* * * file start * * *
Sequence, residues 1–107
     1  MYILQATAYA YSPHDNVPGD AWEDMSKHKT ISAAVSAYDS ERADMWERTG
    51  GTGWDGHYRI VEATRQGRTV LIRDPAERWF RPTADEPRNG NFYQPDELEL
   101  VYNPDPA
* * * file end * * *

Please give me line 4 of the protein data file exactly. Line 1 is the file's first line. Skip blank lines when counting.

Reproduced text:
   101  VYNPDPA